Authentication is about Identity, not Virtue
I just got some mail claiming to be from “Bank of America <firstname.lastname@example.org>”.
It passes SPF:
Received-SPF: Pass (sender SPF authorized) identity=mailfrom; client-ip=184.108.40.206; helo=bofasecure.com;
It passes DKIM:
Authentication-Results: mx.wordtothewise.com (amavisd-new); dkim=pass (1024-bit key) header.d=bofasecure.com
The visible RFC 822 From address is strictly aligned with both the SPF domain and the DKIM domain. So if they’d published a DMARC record it would have passed DMARC.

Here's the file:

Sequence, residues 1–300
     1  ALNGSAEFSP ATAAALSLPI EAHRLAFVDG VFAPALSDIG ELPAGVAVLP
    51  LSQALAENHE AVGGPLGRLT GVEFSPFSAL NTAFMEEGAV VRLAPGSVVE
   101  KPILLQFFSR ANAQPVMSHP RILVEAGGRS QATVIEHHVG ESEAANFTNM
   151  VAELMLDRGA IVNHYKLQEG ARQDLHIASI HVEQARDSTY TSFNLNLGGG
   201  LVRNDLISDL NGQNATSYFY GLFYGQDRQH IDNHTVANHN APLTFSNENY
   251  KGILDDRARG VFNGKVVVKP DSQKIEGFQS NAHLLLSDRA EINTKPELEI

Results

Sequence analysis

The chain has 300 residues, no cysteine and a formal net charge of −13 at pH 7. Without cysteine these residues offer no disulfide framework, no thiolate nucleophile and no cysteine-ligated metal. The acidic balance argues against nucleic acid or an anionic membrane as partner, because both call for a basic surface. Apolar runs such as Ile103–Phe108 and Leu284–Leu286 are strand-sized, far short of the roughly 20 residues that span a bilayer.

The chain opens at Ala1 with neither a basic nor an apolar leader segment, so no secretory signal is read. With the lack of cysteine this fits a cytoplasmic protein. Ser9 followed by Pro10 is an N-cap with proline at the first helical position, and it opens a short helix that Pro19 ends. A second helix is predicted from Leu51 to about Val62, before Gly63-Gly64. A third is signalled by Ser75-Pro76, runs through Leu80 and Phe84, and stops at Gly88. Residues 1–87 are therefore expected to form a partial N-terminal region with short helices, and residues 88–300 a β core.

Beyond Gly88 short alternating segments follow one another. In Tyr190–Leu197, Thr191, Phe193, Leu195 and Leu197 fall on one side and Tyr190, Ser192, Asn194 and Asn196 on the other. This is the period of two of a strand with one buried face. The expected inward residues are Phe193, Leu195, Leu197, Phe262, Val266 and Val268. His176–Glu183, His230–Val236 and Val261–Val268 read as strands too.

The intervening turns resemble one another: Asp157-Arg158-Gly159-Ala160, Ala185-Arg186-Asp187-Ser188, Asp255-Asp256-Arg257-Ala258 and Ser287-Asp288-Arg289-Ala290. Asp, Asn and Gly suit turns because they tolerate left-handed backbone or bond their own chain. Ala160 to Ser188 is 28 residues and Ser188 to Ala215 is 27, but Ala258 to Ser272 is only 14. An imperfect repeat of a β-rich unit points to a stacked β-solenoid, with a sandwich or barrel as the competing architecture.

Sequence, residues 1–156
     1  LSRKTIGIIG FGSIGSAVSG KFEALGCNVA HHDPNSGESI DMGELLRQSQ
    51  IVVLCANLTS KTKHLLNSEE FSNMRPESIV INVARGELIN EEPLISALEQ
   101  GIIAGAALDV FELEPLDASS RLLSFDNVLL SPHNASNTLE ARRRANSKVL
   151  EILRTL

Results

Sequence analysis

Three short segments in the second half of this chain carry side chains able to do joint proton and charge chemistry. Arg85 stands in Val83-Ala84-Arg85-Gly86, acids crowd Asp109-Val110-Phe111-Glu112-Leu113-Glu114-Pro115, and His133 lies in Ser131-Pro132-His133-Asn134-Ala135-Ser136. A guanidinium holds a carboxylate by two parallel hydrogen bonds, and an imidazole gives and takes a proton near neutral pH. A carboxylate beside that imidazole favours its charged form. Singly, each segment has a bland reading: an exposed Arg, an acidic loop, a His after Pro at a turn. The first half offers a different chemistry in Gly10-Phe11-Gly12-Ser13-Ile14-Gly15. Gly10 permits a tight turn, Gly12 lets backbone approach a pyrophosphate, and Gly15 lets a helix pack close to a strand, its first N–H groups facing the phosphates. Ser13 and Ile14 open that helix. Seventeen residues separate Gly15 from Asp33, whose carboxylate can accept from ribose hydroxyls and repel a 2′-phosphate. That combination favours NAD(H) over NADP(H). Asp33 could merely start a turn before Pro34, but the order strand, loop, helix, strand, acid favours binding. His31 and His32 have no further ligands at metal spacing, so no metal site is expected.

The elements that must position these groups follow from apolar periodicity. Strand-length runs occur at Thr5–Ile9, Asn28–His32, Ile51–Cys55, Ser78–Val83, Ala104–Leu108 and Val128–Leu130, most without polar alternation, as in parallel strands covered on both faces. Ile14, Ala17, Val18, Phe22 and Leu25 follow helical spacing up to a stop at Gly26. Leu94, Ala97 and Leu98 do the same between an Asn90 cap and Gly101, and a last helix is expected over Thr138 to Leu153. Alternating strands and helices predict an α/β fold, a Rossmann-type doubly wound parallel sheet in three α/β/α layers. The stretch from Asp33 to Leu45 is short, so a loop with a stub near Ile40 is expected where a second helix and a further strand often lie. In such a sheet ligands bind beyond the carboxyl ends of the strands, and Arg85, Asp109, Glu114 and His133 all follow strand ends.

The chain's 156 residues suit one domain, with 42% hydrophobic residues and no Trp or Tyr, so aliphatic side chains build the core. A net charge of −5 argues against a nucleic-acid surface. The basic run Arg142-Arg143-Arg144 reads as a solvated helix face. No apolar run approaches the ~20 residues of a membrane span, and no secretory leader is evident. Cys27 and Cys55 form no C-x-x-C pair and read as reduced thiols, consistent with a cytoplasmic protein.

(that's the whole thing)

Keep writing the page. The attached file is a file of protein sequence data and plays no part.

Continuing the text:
The message branding is good, and looks like Bank of America (unsurprisingly, as it’s loading assets from bac-assets.com, which is Bank of America). The only visible giveaway is that it includes an attached Word file, one which will presumably try and install malware on my machine if I load it with Word.
The perfectly passing authentication tells me it’s from bofasecure.com. There’s nothing that tells me that bofasecure.com isn’t Bank of America, and isn’t someone I should trust.